San Diego Police Plan to Collect Racial Data on Traffic Stops

February 5, 1999 12:00 am

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ACLU News Wire: February 5, 1999 –San Diego Police Plan to Collect Racial Data on Traffic Stops

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SAN DIEGO, CA — In an effort to restore public trust in law enforcement, the San Diego Police Department announced today that it will begin to collect data on race and routine traffic stops to determine whether minority motorists are stopped at a higher rate than white drivers, the San Diego Union Tribune reported.

The move — called “precedent setting” by the local American Civil Liberties Union and praised by organizations representing people of color — is believed to be the first of its kind by a major police agency in the nation.

According to the Tribune, for years, minorities have contended that police pull over people of color for no apparent reason other than the color of their skin. The phenomenon, reported nationwide, has been dubbed Driving While Black (or Brown), or “DWB.”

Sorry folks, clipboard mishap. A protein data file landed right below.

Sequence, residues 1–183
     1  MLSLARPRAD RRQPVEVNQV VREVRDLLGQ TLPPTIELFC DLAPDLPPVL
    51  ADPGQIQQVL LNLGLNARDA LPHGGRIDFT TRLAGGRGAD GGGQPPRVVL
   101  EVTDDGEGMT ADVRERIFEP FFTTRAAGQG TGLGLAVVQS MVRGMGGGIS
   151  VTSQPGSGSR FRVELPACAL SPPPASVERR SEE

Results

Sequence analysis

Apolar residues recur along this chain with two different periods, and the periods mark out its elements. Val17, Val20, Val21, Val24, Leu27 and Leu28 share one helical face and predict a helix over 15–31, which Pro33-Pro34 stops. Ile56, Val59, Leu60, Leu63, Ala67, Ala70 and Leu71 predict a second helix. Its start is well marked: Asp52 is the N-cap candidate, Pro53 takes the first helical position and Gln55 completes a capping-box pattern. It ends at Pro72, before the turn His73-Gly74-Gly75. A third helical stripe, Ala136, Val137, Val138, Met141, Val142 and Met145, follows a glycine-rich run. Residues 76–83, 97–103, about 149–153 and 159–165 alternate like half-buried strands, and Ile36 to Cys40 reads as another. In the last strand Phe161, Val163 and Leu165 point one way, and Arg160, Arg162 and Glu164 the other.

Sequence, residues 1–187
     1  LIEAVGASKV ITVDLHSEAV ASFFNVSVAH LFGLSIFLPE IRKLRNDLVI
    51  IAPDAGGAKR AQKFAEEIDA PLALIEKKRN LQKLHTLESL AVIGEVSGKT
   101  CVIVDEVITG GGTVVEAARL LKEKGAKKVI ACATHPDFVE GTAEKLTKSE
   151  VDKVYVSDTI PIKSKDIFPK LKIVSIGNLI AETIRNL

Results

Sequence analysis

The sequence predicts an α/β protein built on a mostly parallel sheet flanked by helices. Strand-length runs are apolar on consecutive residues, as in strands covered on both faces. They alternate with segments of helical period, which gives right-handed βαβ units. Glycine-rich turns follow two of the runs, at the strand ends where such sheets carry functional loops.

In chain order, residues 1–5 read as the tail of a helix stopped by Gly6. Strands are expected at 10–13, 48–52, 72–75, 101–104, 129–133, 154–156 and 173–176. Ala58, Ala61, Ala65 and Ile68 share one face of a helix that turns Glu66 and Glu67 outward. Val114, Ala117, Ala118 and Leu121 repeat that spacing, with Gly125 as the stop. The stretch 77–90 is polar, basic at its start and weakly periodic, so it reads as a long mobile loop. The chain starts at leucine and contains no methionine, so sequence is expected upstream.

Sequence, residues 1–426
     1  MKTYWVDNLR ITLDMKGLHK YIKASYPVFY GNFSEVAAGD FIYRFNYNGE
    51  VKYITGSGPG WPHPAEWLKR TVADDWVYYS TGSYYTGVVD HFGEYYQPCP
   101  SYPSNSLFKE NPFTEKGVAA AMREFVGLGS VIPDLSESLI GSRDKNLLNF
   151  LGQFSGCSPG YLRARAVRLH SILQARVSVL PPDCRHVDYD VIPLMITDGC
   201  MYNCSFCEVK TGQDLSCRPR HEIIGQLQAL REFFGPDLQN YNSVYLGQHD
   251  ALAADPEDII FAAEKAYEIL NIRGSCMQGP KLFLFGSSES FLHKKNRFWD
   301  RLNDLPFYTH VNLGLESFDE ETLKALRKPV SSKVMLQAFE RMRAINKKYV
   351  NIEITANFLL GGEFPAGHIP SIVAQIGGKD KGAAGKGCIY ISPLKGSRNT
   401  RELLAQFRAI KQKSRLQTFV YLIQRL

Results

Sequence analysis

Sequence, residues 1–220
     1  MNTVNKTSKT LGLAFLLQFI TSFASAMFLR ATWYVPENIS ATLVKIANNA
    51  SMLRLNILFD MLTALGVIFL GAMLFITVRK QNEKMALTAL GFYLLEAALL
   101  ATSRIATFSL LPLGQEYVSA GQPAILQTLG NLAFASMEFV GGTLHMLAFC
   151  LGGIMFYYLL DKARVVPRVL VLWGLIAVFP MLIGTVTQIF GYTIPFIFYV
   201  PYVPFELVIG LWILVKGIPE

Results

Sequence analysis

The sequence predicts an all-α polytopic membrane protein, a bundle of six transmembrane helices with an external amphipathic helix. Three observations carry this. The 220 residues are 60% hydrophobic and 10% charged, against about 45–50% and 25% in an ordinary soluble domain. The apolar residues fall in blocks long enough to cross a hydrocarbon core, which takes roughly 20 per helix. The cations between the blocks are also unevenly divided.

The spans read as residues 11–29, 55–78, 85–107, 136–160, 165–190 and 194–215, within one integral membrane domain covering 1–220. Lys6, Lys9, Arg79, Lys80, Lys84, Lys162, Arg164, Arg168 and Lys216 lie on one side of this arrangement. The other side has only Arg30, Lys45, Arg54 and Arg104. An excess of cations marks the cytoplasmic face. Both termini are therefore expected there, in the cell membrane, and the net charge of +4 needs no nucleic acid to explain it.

San Diego Police Chief Jerry Sanders said he believes that the perception of racial profiling in traffic stops — whether true or not — is eroding public trust and needs to be addressed if community policing, which he strongly advocates, is to be successful.

Sander’s decision stunned the ACLU, which told the Tribune that police departments have no valid reason not to perform such studies yet have never done so voluntarily.

“We were blown away,” said Jordan C. Budd, managing attorney of the ACLU of San Diego and Imperial Counties. “Sanders is definitely breaking the mold.”

Currently in San Diego, race and sex information is included in police reports when citations are handed out, when arrests are made and when interrogations take place, the Tribune reported. However, such information is not recorded when the police routinely stop motorists and then release them, the paper said.

People of color interviewed by the Tribune said they believe the study will validate their concerns and that this type of discrimination happens to people of color from all segments of society.

Last year, the Tribune said, a bill requiring such information-gathering passed both houses of the California Legislature but was vetoed by then-Gov. Pete Wilson. The bill has since been reintroduced.

In response to the veto, ACLU affiliates in California established a toll-free number motorists can call if they believe they’ve been the victim of racially discriminatory police traffic stops. Callers to 1-877-D.B.-STOP, (1-877-392-7867), a 24-hour hotline in both English and Spanish, can report their personal stories of “driving while black or brown” in California.

The national ACLU has posted a similar reporting form on its website at /forms/trafficstops.html.

Source: The San Diego Union Tribune, February 5, 1999

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